Mark P. Keightley
Analyst in Public Finance
The low-income housing tax credit (LIHTC) program is one of the federal government's primary policy tools for encouraging the development and rehabilitation of affordable rental housing. LIHTCs are non-refundable tax credits, which are allocated to developers who typically sell them to private tax credit investors to raise capital (or equity) for real estate projects. Selling the tax credits reduces the debt and/or equity that developers would otherwise have to incur. With lower financing costs, tax credit properties can potentially offer lower, more affordable rents.
In the 111th Congress, the American Recovery and Reinvestment Act of 2009 (ARRA), P.L. 111- 5, created a temporary LIHTC-grant exchange program. The program, sometimes referred to as the Section 1602 LIHTC-grant exchange program after Section 1602 of ARRA, allows states to elect to exchange a portion of their 9% LIHTCs for grant funding. Specifically, ARRA allows a state to elect to exchange for grants all of their unused and returned LIHTC allocation from 2008, 40% of their 2009 LIHTC credit allocation, and 40% of any allocation in 2009 made from the national LIHTC pool. LIHTCs may be exchanged for grants at a rate of $0.85 on the dollar. The exchange program was intended to ensure developers were able to obtain the financing needed to complete and support LIHTC projects. Some developers had experienced difficulties selling their tax credits as a result of lower investor demand stemming from the financial crisis and economic downturn.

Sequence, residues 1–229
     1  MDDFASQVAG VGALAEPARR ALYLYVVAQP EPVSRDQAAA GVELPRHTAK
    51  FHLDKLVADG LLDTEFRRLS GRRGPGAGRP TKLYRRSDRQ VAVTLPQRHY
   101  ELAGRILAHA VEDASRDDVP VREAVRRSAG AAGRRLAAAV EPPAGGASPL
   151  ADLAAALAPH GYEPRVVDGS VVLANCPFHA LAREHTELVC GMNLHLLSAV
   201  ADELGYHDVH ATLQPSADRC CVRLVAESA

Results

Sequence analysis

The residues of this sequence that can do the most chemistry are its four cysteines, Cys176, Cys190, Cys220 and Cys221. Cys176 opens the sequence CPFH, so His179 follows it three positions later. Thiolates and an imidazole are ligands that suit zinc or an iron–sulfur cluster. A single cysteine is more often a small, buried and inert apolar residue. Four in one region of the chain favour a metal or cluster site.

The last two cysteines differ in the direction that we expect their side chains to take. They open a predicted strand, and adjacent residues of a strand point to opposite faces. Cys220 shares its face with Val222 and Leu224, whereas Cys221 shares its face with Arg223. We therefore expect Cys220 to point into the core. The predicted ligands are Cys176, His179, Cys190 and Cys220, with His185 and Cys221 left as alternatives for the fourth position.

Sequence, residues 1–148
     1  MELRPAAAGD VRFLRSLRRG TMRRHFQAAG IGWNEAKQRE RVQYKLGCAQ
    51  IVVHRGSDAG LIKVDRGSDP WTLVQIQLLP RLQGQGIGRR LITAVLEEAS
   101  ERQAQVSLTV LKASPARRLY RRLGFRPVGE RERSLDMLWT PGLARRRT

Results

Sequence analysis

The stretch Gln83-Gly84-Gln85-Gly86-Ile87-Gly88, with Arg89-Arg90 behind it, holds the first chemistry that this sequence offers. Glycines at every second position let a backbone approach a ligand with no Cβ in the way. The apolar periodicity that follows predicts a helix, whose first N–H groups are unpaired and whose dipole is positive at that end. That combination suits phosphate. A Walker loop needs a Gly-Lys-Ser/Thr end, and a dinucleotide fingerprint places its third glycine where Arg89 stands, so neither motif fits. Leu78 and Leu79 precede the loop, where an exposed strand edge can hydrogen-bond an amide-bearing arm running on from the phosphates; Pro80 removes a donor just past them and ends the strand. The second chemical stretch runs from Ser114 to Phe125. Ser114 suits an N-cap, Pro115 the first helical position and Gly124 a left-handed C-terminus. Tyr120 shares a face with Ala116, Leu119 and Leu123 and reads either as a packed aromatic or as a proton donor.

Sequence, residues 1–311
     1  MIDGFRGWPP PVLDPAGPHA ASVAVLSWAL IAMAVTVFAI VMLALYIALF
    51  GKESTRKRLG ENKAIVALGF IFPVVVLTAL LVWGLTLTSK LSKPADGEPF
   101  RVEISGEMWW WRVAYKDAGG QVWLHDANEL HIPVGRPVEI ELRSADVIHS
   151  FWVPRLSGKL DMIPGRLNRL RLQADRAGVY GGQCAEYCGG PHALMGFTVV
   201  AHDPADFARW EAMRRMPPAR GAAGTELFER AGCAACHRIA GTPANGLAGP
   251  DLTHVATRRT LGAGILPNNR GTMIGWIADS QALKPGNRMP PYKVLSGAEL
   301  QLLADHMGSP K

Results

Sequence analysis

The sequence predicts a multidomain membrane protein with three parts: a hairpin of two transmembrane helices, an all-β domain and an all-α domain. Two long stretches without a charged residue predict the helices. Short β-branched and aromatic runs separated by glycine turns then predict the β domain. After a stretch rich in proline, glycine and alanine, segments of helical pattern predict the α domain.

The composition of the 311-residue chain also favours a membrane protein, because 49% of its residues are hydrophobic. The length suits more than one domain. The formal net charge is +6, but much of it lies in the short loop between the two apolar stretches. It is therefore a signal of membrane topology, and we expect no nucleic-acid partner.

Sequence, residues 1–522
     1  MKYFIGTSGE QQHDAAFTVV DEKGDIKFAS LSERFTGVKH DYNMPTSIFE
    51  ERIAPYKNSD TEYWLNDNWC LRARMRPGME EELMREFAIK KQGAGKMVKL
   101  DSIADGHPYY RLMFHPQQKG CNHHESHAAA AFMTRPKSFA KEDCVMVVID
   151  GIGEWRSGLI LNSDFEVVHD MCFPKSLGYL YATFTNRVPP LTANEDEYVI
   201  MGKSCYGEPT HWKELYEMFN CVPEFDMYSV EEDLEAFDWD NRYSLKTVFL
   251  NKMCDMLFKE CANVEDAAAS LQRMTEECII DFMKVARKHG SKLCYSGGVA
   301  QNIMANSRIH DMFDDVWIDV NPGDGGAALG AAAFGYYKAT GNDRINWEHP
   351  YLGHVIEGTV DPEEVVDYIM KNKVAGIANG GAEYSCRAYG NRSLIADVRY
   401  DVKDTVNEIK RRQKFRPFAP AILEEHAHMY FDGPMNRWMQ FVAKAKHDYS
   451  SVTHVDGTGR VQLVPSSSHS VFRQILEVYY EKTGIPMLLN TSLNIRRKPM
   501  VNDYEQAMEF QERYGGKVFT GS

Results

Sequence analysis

On December 9, 2009, the House passed H.R. 4213, the Tax Extenders Act of 2009. H.R. 4213 was amended by the Senate in the nature of a substitute (S.Amdt. 3336; the American Workers, State, and Business Relief Act of 2010), and passed by that chamber on March 10, 2010. Both bills contain what amounts to a proposed one-year extension of the LIHTC-grant exchange program. Both bills would allow states to exchange a fraction of their annual non-refundable LIHTC allocation for refundable LIHTCs. The portion of tax credits that would be refundable would be the same as the portion of tax credits that could previously be exchanged for grants. The Treasury would then pay each state an amount equal to their refundable LIHTC election. States, in turn, would then use the funds received from Treasury to make grants to developers. Thus, the proposed modification would effectively extend the Section 1602 LIHTC-grant exchange program for one year.
On March 24, 2010, the House passed H.R. 4849, Small Business and Infrastructure Jobs Tax Act of 2010. The bill contains a proposal that would allow LIHTC projects receiving the 4% credit and tax-exempt bond financing to receive a direct payment from the Treasury in lieu of their tax credits. The proposal is similar to the Section 1602 LIHTC-grant exchange program for the 9% credit, although administrative differences and the timing of direct payments creates a substantive discrepancy between the two programs. The 4% direct payment program would apply to buildings placed-in-service through 2010.
Date of Report: March 31, 2010
Number of Pages: 9
Order Number: RS22389
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Thursday, April 8, 2010
Mark P. Keightley